Report: Baby Product Injuries on the Uptick

Parents put a lot of faith in the makers of baby products. We trust that items used to carry, feed and soothe our infants will be manufactured with the utmost care and to the highest standards. Unfortunately, as a recent Reuters Health report reveals, that may not always be the face

A new study conducted by the Center for Injury Research and Policy concluded a child under the age of 3 is injured every eight minutes as a result of accidents related to baby products, such as high chairs, carriers, strollers, walkers and cribs. On average, that means there are 66,000 injuries a year – and that figure only counts the children whose injuries landed them in the hospital emergency department. The report, recently published in the journal Pediatrics, indicates roughly four out of five of these cases can be attributed to falls.

What many are likely to find so troubling about this report is the fact that in 2017, with all our quality control standards and federal regulation, we are still having so many infant product injuries. Many of these incidents are head injuries, including concussions and traumatic brain injuries. In fact, this is the No. 1 reason young children wind up hospitalized for product-related injuries.

Study authors looked closely at emergency room statistics gleaned from 1991 to 2011. What they found was that in the first few years of the study period, there was a major drop in the number of injuries. Researchers attributed this to a declining number of baby walker injuries, as the risks of these products became more widely known. However, the number of product-related child injuries soared 24 percent in the last four years of the study. In total, there were 1.4 million injuries related to baby gear over the course of the study.

The No. 1 problematic device was baby carriers. These accounted for approximately one-fifth of all accidents. Some instances reportedly were blamed on parents failing to use the safety straps and buckles properly. However, it should be noted that misuse of a product in and of itself will not prohibit recovery of damages in a product liability lawsuit if a plaintiff can show that the misuse was foreseeable by the designer, manufacturer or distributor of the product.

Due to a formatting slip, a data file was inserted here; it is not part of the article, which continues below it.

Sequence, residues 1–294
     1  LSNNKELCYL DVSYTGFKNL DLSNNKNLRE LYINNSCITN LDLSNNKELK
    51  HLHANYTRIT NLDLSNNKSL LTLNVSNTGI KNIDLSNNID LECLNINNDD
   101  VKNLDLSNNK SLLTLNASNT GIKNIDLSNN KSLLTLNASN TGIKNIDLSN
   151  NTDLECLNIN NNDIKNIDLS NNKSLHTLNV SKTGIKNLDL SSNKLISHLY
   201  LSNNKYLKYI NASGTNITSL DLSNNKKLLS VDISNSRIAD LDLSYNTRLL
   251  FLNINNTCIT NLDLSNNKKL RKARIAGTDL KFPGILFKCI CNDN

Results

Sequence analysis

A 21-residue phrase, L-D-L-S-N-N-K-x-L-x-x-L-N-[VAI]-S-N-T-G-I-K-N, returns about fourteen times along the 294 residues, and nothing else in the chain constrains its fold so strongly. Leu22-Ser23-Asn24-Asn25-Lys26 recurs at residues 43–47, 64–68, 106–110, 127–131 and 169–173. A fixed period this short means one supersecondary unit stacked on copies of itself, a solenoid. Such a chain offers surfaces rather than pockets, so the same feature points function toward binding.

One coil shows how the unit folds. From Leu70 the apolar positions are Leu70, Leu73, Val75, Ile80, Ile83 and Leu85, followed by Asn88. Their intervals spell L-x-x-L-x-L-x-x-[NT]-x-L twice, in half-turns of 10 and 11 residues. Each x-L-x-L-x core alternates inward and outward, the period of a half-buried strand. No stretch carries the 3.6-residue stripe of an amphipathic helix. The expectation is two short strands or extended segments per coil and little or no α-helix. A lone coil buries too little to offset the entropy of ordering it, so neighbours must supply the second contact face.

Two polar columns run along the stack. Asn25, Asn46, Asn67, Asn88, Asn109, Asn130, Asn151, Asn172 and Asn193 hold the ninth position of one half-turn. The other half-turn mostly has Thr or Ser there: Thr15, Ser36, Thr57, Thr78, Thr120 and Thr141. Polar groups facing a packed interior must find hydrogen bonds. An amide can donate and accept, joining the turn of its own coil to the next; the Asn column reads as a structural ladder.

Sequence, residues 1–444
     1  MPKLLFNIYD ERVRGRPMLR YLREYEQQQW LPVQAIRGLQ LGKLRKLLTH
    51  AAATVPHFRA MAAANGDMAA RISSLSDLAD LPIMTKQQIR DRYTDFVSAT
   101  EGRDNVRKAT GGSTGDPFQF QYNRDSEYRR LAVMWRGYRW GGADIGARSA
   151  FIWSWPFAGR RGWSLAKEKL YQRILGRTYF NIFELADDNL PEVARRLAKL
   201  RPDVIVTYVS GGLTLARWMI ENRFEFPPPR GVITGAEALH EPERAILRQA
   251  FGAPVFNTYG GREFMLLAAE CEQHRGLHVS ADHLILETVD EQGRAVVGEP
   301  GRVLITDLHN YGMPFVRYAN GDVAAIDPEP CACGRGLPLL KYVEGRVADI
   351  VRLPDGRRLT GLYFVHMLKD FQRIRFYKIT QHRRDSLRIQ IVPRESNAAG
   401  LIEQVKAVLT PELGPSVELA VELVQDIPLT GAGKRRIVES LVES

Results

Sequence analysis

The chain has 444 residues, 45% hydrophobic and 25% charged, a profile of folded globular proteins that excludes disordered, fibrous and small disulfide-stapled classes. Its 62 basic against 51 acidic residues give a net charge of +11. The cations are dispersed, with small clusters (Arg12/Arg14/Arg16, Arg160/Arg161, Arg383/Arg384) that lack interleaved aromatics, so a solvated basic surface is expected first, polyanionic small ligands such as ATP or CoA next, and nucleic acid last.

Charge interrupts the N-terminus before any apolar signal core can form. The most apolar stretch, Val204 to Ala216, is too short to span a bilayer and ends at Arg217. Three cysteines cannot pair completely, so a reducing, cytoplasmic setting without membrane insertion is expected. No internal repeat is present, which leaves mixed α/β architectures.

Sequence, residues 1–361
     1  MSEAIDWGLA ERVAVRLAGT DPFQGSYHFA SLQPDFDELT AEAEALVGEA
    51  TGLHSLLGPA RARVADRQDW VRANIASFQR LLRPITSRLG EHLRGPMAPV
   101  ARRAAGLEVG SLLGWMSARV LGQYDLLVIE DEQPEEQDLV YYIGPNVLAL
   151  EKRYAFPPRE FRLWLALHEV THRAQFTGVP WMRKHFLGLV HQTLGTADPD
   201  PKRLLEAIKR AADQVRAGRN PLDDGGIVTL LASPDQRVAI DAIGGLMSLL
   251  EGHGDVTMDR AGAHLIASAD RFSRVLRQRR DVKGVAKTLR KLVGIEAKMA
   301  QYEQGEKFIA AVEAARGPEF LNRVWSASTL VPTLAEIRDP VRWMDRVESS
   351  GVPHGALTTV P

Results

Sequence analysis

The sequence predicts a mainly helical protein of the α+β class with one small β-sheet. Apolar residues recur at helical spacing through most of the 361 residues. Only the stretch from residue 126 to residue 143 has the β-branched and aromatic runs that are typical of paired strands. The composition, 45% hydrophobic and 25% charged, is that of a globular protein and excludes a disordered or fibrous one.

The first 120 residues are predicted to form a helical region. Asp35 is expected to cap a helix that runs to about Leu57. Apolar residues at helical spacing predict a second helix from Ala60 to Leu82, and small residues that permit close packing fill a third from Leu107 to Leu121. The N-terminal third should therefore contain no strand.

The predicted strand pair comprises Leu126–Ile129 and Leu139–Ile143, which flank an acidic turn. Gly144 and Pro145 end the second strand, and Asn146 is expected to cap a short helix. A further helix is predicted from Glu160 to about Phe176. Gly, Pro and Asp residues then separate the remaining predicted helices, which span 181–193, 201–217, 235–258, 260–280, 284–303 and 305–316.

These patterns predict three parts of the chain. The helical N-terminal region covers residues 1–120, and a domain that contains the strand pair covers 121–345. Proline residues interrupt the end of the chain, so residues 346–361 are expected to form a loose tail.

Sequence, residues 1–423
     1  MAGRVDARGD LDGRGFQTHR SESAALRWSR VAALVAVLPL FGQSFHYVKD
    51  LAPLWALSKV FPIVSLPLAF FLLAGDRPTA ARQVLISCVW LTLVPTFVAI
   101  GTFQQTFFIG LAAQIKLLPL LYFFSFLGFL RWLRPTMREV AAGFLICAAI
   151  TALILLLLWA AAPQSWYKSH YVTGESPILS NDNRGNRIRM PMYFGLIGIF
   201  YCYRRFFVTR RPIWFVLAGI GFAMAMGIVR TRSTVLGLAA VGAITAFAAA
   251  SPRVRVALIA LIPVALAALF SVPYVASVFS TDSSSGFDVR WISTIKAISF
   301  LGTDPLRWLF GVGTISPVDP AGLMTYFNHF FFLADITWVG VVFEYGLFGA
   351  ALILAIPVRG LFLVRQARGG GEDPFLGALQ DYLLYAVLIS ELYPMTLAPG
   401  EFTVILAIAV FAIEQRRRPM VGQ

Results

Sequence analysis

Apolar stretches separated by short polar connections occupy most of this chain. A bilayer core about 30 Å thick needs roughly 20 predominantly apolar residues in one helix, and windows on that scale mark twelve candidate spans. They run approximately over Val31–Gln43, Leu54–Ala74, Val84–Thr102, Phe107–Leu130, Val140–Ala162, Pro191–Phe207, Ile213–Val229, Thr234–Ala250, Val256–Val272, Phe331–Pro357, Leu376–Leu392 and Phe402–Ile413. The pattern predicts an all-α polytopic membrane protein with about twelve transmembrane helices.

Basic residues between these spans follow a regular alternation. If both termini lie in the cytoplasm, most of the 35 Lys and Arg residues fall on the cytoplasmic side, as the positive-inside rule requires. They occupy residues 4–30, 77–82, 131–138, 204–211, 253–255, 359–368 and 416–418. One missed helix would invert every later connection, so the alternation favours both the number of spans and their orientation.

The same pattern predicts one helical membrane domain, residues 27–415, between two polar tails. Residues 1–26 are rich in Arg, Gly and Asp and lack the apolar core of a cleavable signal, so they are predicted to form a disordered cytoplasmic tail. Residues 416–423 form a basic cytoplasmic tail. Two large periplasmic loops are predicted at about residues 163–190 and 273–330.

The second most common type of child injury involves accidents related to bedding, mattresses and cribs. These accounted for 19 percent of injuries. Drop-side cribs were officially banned by federal regulators in 2011, specifically because they are associated with such a high rate of injury. Other problematic products include soft bedding, including crib bumpers, blankets, stuffed animals and pillows – all of which doctors now say are suffocation risks. Other injuries have been noted as a result of poorly-fitted or super soft mattresses.

Strollers were the third most frequently-cited cause of injuries to children under 3.Strollers with narrower wheel bases are at higher risk of a tip-over. Parents can help prevent these injuries by making sure their child is properly strapped in and the wheel locks are used to keep the strollers in place when they’re parked.

Contact the Carolina injury lawyers at the Lee Law Offices by calling 800-887-1965.

Additional Resources:

Baby Gear Injuries Surging, Often Due to Falls, March 13, 2017, By Lisa Rapaport, Reuters Health

More Blog Entries:

Day Care Sued for Child Injuries Stemming from “Fight Club”, March 29, 2017, Charlotte Child Injury Lawyer Blog

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